All three organizations recommend a T2T approach.

"Psoriatic arthritis can be more complicated than RA. "

Arthritis Foundation

Related: Resources for physicians who treat psoriatic arthritis

A major treatment difference

In a review article published in Rheumatology,[] North American researchers compared and contrasted guidance from these organizations.

According to the authors, although the guidance from the three organizations differs in terms of drug classification, drugs included at the time of publication, and terminology used, the treatment recommendations themselves are fairly uniform, with one exception: use of a TNF inhibitor (TNFi). Unlike GRAPPA and EULAR, the ACR/NPF recommends selecting a TNFi  when actively treating treatment-naïve PsA patients. 

In part, here’s what the ACR/NPF recommendation reads. Note that this is a conditional recommendation based on low- or very-low-quality evidence.

“In treatment-naive patients with active PsA, a TNFi biologic agent is recommended over an OSM [oral small molecule] as a first-line option. OSMs may be used instead of a TNFi biologic in patients without severe PsA and without severe psoriasis…, those who prefer an oral drug instead of parenteral therapy, or those with contraindications to TNFi treatment, including congestive heart failure, previous serious infections, recurrent infections, or demyelinating disease.”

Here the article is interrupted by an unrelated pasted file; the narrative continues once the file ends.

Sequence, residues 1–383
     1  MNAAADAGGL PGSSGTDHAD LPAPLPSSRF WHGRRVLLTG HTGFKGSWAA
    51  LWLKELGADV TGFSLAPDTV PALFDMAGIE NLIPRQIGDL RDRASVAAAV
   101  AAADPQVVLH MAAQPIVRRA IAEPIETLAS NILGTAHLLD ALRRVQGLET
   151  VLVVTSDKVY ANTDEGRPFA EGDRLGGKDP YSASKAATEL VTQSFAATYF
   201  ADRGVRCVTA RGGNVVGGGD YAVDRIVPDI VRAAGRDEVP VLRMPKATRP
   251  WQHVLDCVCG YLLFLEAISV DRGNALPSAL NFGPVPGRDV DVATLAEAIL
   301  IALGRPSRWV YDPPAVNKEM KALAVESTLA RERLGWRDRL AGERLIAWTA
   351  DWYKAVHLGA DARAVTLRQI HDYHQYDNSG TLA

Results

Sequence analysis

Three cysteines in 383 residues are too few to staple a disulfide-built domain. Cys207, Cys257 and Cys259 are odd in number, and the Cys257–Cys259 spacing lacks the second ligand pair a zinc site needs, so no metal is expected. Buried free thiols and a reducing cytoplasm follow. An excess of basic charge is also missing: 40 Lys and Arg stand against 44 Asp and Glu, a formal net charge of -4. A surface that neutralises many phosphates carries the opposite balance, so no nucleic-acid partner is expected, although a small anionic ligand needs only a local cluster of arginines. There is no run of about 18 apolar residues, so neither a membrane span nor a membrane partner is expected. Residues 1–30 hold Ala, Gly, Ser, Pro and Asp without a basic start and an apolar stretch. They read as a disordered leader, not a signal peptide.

Shared decision-making advised

For a T2T approach to work, the Arthritis Foundation advises that patient preferences be discussed and considered, as part of shared decision-making.[] During patient discussions, the patient’s preference for an oral vs injectable drug should be assessed, as well as any contraindications to a TNFi.

Weighing the guidelines

When determining which treatment approach is best per guidelines and recommendations, there may be no one right choice, say the experts.

According to the Rheumatology authors, “There is no one best guideline recommended for all clinicians …. ” They explain that GRAPPA was designed for international application and has more information on skin and nail disease management, and that US and European rheumatologists may benefit from consulting the ACR/NPF and EULAR guidelines, respectively, which take into account local health economies.  

What this means for you

A new and universal recommendation in the management of PsA is T2T. The goal of T2T is remission or low-disease activity. This goal should be evaluated at every visit, with medication regimens changed or adjusted as needed. When treating patients with PsA, shared decision-making is crucial, with patient preferences considered.

This article is part of Room for Better Rheum Care, where physicians and patients share the latest research, tips, and strategies for raising treatment expectations and delivering improved care in RA, PsA, and nr-AxSpA.

Read Next: Psoriatic arthritis and diet: Can nutrition provide relief?